Long overdue

22 01 2012

Since closing my studio to travel the US by bicycle, I’ve not been able to sit at a loom often. I’ve been home twice since leaving in April, and each time has been for a couple of months. Each time I’ve been home, I’ve worked on putting a studio in my home into working order. It’s fairly easy to do that with the sewing aspect of the studio, but getting the weaving/spinning/felting aspect of the studio squared away has been nearly impossible.

This weekend has been a perfect opportunity to get my looms more accessible, and my yarns equally so. In preparation for the Rigid Heddle Weaving workshop, I had to re-organize my storage cabinets and closets, as well as locate specific yarns for the class. While doing those things, I got much put away, thrown away and put in working order. Since Saturday at 4 pm, I’ve dressed one of my rigid heddle looms and woven a merino/mohair scarf for my Dad’s wife and picked up threading the large Toika free-standing tapestry loom. Hooray! It’s good to be back at the loom. I’m a long way from opening the studio for group weaving classes, though. There simply isn’t room enough in my house to accomodate that right now. I’ll have to pick up some very compact floor looms again and a few more warping boards. Then we’ll be back in business, right?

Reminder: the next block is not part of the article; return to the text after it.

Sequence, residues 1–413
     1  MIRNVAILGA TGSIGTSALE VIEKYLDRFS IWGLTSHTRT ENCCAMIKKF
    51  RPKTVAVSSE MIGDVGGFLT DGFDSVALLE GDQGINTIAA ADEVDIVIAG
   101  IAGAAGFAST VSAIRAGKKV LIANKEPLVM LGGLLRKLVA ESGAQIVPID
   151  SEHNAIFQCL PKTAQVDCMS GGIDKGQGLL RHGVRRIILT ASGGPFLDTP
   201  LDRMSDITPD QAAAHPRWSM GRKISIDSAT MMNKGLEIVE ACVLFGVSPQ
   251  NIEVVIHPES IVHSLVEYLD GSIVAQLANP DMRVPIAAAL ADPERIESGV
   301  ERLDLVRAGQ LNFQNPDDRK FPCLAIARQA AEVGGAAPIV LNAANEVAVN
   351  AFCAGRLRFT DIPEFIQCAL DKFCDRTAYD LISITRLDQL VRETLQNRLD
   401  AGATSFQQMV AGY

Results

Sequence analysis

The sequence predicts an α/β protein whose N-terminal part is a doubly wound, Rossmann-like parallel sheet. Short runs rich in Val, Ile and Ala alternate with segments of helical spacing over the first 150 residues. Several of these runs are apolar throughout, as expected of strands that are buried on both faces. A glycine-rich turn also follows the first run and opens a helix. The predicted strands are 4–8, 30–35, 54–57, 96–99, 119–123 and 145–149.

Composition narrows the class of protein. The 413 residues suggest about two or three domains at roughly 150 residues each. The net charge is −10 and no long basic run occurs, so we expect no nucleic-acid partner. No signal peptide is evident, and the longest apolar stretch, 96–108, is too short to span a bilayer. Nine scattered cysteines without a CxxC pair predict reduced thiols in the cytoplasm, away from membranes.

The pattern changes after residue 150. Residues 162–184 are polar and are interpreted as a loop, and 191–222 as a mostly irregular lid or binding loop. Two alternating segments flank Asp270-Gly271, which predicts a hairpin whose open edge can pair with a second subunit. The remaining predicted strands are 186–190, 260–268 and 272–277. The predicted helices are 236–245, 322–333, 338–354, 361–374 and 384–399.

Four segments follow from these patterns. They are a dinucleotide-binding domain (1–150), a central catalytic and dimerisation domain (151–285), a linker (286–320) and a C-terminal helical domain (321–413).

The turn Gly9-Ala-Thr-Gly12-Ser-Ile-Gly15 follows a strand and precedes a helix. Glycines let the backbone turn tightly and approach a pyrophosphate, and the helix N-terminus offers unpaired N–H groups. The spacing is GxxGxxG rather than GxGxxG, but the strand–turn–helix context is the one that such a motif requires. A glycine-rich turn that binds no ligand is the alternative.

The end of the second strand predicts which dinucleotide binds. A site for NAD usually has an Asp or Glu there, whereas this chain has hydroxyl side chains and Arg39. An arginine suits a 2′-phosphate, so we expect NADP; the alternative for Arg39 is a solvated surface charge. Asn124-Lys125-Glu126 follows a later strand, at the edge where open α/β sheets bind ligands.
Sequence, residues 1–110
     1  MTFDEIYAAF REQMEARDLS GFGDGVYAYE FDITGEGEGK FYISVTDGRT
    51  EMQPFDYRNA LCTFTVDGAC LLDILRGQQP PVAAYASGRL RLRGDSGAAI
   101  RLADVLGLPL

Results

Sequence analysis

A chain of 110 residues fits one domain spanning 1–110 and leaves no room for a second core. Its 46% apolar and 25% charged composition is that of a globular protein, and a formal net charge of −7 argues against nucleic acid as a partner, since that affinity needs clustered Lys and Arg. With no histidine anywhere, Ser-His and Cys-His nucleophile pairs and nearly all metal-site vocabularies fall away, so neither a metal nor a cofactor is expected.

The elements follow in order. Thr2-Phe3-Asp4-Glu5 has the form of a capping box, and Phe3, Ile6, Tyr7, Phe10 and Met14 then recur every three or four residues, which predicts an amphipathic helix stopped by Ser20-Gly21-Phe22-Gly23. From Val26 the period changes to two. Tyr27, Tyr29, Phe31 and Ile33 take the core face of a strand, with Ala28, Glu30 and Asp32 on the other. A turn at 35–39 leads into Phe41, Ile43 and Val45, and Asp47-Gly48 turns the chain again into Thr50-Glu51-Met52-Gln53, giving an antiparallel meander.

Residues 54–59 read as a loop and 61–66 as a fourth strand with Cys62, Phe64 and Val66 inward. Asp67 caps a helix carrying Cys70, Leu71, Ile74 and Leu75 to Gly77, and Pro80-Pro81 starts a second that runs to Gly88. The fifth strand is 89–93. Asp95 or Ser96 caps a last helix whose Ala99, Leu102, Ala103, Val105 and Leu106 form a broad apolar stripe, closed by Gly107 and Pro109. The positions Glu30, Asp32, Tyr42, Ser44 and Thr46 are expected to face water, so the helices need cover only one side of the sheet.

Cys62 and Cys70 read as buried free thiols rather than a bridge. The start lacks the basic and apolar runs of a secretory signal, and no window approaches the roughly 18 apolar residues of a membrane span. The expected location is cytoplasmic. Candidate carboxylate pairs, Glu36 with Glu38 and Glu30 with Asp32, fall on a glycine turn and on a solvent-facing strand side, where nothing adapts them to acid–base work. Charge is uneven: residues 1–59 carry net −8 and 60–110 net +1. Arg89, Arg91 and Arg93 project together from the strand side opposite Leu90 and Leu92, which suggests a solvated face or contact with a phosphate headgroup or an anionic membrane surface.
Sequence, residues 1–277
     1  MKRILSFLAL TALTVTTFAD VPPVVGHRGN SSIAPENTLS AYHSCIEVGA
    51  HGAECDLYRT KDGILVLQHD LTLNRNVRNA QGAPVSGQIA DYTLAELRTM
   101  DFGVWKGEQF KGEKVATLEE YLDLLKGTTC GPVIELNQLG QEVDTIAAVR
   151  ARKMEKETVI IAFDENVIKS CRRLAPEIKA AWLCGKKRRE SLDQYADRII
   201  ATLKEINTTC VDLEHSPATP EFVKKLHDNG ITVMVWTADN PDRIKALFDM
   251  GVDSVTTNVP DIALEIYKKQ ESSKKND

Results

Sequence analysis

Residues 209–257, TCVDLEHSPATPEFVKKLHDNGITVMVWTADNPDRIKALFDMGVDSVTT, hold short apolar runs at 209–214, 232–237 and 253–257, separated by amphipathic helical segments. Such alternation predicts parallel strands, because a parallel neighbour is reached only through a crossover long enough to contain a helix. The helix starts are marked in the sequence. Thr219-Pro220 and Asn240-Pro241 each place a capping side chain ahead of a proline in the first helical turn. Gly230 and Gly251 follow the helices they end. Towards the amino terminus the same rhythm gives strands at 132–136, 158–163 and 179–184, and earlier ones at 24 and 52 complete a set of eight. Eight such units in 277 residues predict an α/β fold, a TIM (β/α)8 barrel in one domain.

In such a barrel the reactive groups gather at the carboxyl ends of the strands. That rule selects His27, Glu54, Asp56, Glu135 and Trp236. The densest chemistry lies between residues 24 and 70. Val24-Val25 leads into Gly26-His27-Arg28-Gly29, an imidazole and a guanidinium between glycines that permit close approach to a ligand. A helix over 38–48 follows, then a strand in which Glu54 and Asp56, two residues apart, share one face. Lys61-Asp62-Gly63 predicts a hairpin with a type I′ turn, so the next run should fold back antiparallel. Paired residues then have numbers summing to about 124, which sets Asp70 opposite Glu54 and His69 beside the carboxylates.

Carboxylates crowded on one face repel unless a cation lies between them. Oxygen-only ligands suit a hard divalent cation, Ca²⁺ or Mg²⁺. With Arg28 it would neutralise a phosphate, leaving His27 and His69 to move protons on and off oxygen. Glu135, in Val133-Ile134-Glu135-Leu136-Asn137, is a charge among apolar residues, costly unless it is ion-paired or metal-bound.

I’m thinking about offering a wet-felting workshop on a Sunday in February. We will work on either hats or rugs. Anyone interested? Cost would be about $125 for a 6-7 hour workshop. Maximum # of students would be 6.

 

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Rigid heddle workshop – jan 21, 2012

21 01 2012